U-turn over plans to build house on Culloden battlefield

The Scottish Government have now blocked plans for the luxury steading.

U-turn over plans to build house on Culloden battlefield Google Maps

Plans to build a house within the boundary of Culloden battlefield have been blocked after claims the family home would compromise the historical character of the site.

Plans were lodged to turn the dilapidated building at Culchunaig, Highlands, into a family home with a zen garden and hot tub.

But the Scottish Government blocked plans for the luxury steading conversion on the site, given the “urbanising effect” it would have on the historic Culloden area.

The site sits near to a portion of battlefield – where the final encounter was staged between the Jacobites and British Army in 1746 – owned by the National Trust of Scotland (NTS).

NTS did not oppose the luxury steading plans originally, but has now lodged an objection to a scaled down proposal for the site.

Bosses said they “now realised” the high importance of the Culchunaig site given new ongoing research.

Campaigners welcomed the U-turn, describing the news as “wonderful”.

In an official objection Clea Warner, Highlands and Islands general manager for NTS, said: “We wish to object to the revised application, mainly on the grounds that this represents a threat to the historic character of Culloden Battlefield, in light of new and ongoing historic and archaeological research.

“In our previous response, we did not object because we misunderstood the full implications this application, and the impacts it could have on what we now realise is a very important part of the Battle of Culloden.

“All historians and archaeologists involved in researching the battle agree that this is land which was fought over during the battle, and as such there is much more for us to learn about this area, and the responsibility to protect it, as set out in our national policy.”

Ms Warner said research suggested the area played host to one of two pivotal ‘pincer’ movements which could have played a decisive role in the outcome of the battle.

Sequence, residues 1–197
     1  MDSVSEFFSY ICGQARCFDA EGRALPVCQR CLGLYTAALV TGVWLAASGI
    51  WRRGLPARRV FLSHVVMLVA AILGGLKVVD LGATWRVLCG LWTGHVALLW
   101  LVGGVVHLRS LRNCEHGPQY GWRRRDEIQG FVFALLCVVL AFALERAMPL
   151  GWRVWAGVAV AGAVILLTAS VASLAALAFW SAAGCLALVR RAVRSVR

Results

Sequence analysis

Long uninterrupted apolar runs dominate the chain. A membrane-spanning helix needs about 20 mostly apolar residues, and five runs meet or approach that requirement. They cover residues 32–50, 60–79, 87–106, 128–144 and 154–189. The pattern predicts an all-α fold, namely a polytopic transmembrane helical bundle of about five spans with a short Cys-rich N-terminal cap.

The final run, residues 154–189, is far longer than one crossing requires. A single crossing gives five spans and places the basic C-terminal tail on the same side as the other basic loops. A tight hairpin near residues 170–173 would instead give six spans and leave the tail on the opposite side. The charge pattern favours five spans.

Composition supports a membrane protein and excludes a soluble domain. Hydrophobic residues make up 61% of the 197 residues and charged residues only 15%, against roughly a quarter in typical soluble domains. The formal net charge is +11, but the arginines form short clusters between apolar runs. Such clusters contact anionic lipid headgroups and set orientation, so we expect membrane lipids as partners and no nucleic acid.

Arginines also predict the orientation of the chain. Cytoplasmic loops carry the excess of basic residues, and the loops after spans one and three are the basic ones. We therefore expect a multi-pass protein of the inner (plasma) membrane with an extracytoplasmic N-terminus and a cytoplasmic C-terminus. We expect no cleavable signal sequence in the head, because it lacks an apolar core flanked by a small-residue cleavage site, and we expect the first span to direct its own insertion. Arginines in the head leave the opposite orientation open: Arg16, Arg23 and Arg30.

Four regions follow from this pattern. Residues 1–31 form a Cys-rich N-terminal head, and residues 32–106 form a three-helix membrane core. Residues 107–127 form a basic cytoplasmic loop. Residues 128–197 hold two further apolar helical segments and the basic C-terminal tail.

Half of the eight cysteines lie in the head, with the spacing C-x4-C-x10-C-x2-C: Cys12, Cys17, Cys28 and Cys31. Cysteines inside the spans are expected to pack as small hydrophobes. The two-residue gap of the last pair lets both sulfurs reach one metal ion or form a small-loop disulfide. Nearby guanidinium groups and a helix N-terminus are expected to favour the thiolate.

Data from a laser scan, which was commissioned by a former general manager at the NTS centre and battlefield, is now being examined in a bid to strengthen the historical evidence relating to Culchunaig.

If ongoing research into the site confirmed the area’s ‘vital role’ in the battle, NTS would like to open up the site to visitors.

This would not be possible if the area was significantly developed, Ms Warner added.

Ms Warner added: “In conclusion, Culloden Battlefield is of enduring national significance.

“We consider that the proposed development should not be allowed because it could compromise the cultural and historical character of this part of the site before we understand its full significance.”

Andrew McKenzie, a former general manager at Culloden Battlefield and Visitor Centre said the analysis of the laser scan which he earlier commissioned, was ‘remarkably significant’.

He said: “It is wonderful to see the recognition of the significance of the damage that would be caused by allowing a development at Culchunaig on Culloden Battlefield, which has been recognised by the National Trust for Scotland.

“Their objection to the re-application after the original was rejected by Scottish Government ministers is incredibly significant in the process of protecting Culloden Battlefield’s wider boundary.”

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